Cloud Foundry originally built on a lot of the same technologies, LXC containers and things like that that Heroku uses. And so they kind of created this other offering. And it was open source. When I was using it, I tried to pick it up and build it myself, but I didn't want to have to deal with the operational aspect, which is how we ended up where we did. How do we make that easier so we could, again, focus on our code?

And I think that's the problem it solved. I know Heroku really picked up with certain crowds. And they ran wild with it because it just made their lives easier. And that's something that I appreciated.

CRAIG BOX: You mentioned there a focus on making code accessible and running. That's not something that Kubernetes did out of the box. Kubernetes could take containers and keep them up and scale them and so on. But the part from the code to the actual container was either the domain of Docker or the tooling that came along later. What did you see as the path to get Kubernetes to be as easy to use as some of those other platforms that you've used before?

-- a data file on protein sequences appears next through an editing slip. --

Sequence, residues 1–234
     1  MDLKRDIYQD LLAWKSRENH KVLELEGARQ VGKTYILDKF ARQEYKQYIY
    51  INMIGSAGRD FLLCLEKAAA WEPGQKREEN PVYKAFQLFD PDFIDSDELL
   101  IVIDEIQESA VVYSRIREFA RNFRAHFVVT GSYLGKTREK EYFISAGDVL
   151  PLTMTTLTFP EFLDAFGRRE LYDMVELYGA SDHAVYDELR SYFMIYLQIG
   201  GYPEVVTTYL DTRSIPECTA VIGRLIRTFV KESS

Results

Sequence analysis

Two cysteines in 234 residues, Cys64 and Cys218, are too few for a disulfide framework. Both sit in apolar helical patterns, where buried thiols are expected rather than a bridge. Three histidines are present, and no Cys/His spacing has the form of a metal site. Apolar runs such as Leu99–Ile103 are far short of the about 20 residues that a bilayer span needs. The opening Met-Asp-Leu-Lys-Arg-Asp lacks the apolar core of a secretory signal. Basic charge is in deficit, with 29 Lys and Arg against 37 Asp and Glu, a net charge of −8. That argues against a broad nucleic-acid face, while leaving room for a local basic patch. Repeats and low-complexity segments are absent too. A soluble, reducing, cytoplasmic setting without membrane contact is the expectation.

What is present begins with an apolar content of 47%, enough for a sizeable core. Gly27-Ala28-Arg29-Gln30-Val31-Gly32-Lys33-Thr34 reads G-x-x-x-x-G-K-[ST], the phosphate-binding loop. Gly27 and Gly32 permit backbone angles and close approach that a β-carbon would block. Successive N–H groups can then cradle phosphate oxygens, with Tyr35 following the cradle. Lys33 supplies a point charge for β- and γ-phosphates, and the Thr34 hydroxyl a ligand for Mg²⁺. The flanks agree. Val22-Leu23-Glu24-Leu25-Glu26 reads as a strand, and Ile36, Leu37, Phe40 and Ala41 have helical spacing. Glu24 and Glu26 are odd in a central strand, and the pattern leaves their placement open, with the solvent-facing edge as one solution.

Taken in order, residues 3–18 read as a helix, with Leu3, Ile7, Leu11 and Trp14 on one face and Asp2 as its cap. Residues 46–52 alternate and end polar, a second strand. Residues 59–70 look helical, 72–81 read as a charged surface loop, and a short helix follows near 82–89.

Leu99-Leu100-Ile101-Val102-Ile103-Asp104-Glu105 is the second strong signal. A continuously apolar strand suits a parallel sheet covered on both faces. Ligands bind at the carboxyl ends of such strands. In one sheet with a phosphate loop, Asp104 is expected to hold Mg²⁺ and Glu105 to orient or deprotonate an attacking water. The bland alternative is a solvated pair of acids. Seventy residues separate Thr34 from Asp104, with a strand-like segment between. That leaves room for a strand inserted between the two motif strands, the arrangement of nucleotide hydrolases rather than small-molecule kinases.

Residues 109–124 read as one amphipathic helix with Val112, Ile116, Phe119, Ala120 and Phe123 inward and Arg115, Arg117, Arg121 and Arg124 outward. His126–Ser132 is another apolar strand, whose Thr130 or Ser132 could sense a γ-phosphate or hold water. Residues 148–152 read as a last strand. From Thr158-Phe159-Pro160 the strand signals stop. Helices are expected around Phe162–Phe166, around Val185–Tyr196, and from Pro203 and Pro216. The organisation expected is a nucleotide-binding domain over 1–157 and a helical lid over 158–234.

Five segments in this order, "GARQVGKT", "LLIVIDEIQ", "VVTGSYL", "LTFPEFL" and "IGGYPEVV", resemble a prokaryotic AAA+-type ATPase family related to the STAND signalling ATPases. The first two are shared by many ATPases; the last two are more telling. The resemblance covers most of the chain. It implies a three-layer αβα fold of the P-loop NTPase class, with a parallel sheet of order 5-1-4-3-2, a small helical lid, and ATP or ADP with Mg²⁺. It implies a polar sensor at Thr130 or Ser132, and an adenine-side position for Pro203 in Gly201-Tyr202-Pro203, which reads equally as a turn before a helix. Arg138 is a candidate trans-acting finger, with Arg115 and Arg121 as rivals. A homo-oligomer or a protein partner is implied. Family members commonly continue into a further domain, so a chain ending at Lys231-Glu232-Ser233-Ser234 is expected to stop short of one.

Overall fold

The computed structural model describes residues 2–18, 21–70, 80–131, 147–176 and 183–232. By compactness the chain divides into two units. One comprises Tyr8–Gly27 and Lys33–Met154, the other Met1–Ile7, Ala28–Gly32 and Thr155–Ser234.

MATT FARINA: So I don't think Kubernetes is as easy to use, and I don't think it's meant to be. If we take something like Cloud Foundry and compare it, Cloud Foundry has an engine behind it called Diego, and it has a container runtime called Garden. And then they have something in front of it that converts it into that. And Kubernetes is sort of like that garden. It's that engine under the hood.

As far as that ease of experience, that's something that we're hopeful that people will build as an add-on on top of Kubernetes. You've seen more libraries come on top of it or application stacks to help with that, some things like Knative, and then you can build upon those. We're kind of hopeful that people will build on top of it to build those better experiences.